Thai businesses remain optimistic about the outlook for tourism despite the shooting incident at Siam Paragon, but remain wary of unpredictable events.
The tragic incident happened on October 3 when a 14-year-old boy allegedly went on a shooting spree at the upmarket Siam Paragon mall in the heart of Bangkok. Two women — a Chinese tourist and a Myanmar national — lost their lives, while five people were injured.
The shooting incident was not only covered extensively by local media, but also drew a lot of public interest in China where many use Weibo, a Chinese social media platform to share information and debate issues.
Observers fear that it could potentially affect the tourism industry, as Chinese tourists might be concerned about public safety in Thailand.
The president of the Association of Thai Travel Agents, Sisdivachr Cheewarattanaporn, holds a different point of view. “The shooting incident did not adversely impact tourism once it became known that a boy was allegedly responsible for the unexpected act,” he said.
He said Prime Minister Srettha Thavisin had handled the situation very well, as he quickly explained the incident to the Chinese ambassador to Thailand.
Sisdivachr is optimistic that the number of tourists will hit the target of 25 million this year, or even rise to as high as 28-29 million.
Thaneth Tantipiriyakij, the president of the Phuket Tourist Association, shared a similar view, saying that the mall shooting had not impacted the tourism sector.
Free visa scheme
A temporary tourist visa exemption granted to Chinese nationals boosted tourist arrivals during the long golden week holidays in China from October 1-8, said Thaneth.
More Chinese visitors are expected to visit during the high season later this year and early next year.
The visa exemption scheme for the citizens of China and Kazakhstan runs from September 25, 2023 to February 29, 2024. During the five-month visa exemption period, Thailand is expected to welcome 1.9 million to 2.9 million Chinese tourists – a year-on-year growth of about 41-62 per cent – and generate tourism income of around 92-140 billion baht.
Thailand has forecast 129,485 arrivals from Kazakhstan, a 49.73 per cent increase over the same period last year, generating 7.93 billion baht in revenue, according to Tourism and Sports Minister Sudawan Wangsuphakijkosol.
Thaneth, however, is cautious that there are also uncertainty factors that could potentially impact tourism. “We don’t know what the Chinese government’s policy would be, as we had earlier witnessed during a road show in February that the government preferred its people travel within the country,” said Thaneth.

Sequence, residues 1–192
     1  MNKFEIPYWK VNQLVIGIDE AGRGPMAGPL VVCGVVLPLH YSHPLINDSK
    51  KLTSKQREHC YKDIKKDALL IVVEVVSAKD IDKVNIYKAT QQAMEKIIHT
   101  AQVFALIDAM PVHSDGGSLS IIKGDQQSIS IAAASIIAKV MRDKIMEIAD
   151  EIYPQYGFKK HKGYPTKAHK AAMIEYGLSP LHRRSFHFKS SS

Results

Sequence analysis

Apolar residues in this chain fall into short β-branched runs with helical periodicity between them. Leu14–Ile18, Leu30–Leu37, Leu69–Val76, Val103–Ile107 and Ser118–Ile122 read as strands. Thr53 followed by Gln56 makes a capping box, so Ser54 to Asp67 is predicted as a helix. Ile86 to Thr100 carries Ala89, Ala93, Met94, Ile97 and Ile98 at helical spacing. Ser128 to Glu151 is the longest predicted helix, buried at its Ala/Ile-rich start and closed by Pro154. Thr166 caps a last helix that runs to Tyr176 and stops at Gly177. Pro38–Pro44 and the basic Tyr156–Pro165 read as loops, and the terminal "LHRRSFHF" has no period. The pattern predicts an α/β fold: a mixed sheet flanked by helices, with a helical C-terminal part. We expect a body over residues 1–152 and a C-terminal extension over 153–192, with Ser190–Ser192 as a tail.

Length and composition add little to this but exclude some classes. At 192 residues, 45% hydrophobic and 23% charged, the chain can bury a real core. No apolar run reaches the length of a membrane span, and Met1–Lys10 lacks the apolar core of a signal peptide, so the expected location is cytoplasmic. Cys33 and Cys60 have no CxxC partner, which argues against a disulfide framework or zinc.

“There have also been reports that Chinese authorities are not giving fast approvals for extension of passports that have expired,” he said.
“The high price of air tickets also is an area of concern. We have seen a sharp increase in air fares for direct flights from China to Phuket Island after the Thai government announced in September the visa exemption for Chinese tourists,” said Thaneth.
China’s economic slowdown also will be a factor in the outlook for Thailand’s tourism. Lately, the International Monetary Fund has revised down its economic growth forecast for China in 2023 to 5 per cent from 5.2 per cent.
Due to many factors, the recovery rate of Chinese tourists is less than 30 per cent of the pre-COVID-19 period.
Chinese tourists accounted for 11 million of the total 39.8 million foreigners who visited Thailand in 2019. This year, Thailand expects around 4.4 million Chinese tourists, just 40 per cent of the pre-pandemic peak.
TAT remains upbeat
Meanwhile, the Tourism Authority of Thailand (TAT) appeared less concerned about any adverse impact from the shooting incident.
Chattan Kunjara Na Ayudhya, deputy governor for International Marketing – Asia and the South Pacific, consulted with the private sector, such as airlines and tour agencies, and was confident that the shooting incident would not deter Chinese tourists from visiting Thailand.
The government has been able to regain visitor confidence after the incident, he said. The proof is seen in the fact that on average 7,000-8,000 Chinese tourists enter Thailand every day.
TAT expects 4 million to 4.4 million Chinese tourists, making a total of 25-30 million visitors in total this year, bringing in 2.38 trillion baht in revenue.
From January 1 to September 10, Thailand recorded 2.3 million Chinese visitors, making China the second biggest tourist market after Malaysia. Without the visa exemption scheme, Thailand was expected to receive 3.5 million Chinese visitors in 2023 – about 31 per cent of the number in 2019 – generating 174.4 billion baht, according to the TAT.
By Thai PBS World’s Business Desk